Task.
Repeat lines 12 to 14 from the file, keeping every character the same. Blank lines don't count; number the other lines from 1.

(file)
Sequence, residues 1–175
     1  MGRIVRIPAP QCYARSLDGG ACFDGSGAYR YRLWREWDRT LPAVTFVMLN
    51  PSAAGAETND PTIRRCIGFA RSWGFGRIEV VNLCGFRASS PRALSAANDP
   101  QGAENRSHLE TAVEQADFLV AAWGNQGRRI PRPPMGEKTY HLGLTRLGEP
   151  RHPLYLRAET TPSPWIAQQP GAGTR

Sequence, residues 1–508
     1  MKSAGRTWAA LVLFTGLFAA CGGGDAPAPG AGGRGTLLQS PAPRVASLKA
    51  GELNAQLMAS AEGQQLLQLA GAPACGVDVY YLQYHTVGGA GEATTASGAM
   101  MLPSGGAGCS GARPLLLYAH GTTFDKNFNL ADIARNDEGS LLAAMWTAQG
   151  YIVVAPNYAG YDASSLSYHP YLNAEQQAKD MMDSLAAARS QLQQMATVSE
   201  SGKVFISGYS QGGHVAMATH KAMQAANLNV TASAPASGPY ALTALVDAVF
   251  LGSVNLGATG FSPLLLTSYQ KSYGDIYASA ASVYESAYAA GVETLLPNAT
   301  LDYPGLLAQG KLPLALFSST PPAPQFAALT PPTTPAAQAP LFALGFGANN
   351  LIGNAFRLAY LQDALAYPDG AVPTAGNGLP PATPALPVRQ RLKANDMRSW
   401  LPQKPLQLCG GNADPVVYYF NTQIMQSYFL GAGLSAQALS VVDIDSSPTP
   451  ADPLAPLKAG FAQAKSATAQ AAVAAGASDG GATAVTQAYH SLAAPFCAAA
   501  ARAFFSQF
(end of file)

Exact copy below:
   251  LGSVNLGATG FSPLLLTSYQ KSYGDIYASA ASVYESAYAA GVETLLPNAT
   301  LDYPGLLAQG KLPLALFSST PPAPQFAALT PPTTPAAQAP LFALGFGANN
   351  LIGNAFRLAY LQDALAYPDG AVPTAGNGLP PATPALPVRQ RLKANDMRSW